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Reaching Out of Loneliness
I know some people with dark senses of humor, so taken out of context I didn't know what to make of this -- a Louis CK-ish one-liner? A cry for help? What was my responsibility toward this person? Could I just close my browser window and pretend it never happened? What if this person actually did kill herself and it was my fault because she'd just been waiting for someone somewhere to respond? On one hand, it was none of my business. On the other, she did post it in a public place. So a few minutes later I messaged her. "Um, are you making a joke? Or, if not, uh, are you okay?"
She wrote back that she was not in fact joking, and her distress was very real. Soon her Facebook page started to populate with affirming messages from friends, urging her to be strong, reminding her of reasons to live. There was a long, wrenching pause in her responses, and then the post disappeared and an "I'm really okay, sorry to scare you" kind of message appeared. And the whole internet went, "Phew."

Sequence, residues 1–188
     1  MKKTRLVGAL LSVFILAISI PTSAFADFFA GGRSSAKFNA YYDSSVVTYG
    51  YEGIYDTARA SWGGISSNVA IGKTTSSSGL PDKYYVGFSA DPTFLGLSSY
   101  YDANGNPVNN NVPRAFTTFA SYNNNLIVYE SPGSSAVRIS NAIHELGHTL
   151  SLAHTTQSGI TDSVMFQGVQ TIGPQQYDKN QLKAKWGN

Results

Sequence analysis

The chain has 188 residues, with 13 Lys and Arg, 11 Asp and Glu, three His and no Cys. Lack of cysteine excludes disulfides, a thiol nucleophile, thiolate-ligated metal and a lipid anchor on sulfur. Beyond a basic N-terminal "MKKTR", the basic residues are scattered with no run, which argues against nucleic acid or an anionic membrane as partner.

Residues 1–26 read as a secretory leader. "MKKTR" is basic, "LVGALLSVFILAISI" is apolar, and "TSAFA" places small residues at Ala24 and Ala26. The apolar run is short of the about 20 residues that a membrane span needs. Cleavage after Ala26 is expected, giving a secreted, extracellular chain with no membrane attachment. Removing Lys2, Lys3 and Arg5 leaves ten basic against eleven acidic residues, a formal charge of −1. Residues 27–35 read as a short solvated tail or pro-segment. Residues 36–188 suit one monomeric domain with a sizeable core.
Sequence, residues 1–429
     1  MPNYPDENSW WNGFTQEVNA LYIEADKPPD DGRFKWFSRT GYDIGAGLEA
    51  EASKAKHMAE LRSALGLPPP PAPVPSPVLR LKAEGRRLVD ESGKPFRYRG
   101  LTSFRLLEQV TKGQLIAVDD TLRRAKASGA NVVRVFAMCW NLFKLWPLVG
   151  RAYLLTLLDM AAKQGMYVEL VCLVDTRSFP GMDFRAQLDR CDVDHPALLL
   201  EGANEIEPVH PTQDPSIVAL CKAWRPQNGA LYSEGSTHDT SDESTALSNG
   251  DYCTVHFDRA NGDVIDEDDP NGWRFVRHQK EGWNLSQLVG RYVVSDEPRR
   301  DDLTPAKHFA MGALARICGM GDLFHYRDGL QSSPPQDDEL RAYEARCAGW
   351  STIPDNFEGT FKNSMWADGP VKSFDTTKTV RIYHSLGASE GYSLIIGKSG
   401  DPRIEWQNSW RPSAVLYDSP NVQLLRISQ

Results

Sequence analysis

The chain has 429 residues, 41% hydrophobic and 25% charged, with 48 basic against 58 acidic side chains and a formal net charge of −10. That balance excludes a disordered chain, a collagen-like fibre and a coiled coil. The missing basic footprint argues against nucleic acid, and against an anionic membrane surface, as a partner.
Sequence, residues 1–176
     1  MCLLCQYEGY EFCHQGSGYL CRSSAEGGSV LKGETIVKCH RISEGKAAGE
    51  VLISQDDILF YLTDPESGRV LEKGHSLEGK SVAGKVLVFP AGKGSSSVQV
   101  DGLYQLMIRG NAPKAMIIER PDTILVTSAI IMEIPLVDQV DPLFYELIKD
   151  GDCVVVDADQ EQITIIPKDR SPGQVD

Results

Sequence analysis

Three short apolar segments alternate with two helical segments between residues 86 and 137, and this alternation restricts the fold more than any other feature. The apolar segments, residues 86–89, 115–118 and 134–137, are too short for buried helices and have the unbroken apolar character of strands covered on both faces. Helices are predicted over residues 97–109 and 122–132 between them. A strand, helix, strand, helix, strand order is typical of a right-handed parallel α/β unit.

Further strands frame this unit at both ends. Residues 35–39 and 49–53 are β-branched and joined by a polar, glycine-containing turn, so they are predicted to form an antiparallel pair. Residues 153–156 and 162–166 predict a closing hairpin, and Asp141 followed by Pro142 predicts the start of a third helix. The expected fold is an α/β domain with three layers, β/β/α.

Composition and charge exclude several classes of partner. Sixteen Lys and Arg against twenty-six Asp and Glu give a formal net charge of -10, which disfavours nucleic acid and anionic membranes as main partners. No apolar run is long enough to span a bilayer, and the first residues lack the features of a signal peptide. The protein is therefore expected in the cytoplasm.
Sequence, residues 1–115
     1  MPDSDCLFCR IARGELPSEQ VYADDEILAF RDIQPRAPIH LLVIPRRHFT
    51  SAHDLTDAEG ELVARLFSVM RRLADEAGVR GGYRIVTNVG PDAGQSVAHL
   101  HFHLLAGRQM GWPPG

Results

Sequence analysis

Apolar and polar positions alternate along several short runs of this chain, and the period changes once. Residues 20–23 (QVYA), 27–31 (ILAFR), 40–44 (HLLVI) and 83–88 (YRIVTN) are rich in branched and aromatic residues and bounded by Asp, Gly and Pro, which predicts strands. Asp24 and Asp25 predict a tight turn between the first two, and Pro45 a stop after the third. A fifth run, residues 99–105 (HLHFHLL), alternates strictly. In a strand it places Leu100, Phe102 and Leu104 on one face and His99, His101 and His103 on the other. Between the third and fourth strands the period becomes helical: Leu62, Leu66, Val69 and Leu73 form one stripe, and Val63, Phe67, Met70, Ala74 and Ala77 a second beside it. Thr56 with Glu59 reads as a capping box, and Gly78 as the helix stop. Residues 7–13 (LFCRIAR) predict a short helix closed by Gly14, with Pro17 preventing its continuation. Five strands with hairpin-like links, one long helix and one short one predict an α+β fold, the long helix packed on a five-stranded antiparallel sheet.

Anyway, it was this lonely woman I thought of when I heard about Jeff, One Lonely Guy, who posted the flyer, "If anyone wants to talk about anything, call me (347) 469-3173. Jeff, one lonely guy" and, to his surprise, received thousands and thousands of calls. He's now written a book about his experiences and recently spoke to NPR about it. Ragsdale explains that he had just moved to New York and had broken up with his girlfriend and was in a really dark, lonely place. As soon as he posted the flyer, he says he became a kind of confession booth, with tons of people phoning in to help, offer advice, or just tell him their own lonely troubles. He also says that just reaching out, having people reach back, and in particular hearing all their voices (and not just seeing them online) helped him. He started to step back from the dark thoughts. As did, I hope, my Facebook friend. We all have our lonely moments, and it's helpful to remember that there are ways to find people with which to -- in the totally-taken-out-of-context words of EM Forster -- "Only connect."
Here's the whole interview -- listen for Oprah's cameo!
How to Deal With Loneliness
Helping an Isolated Friend
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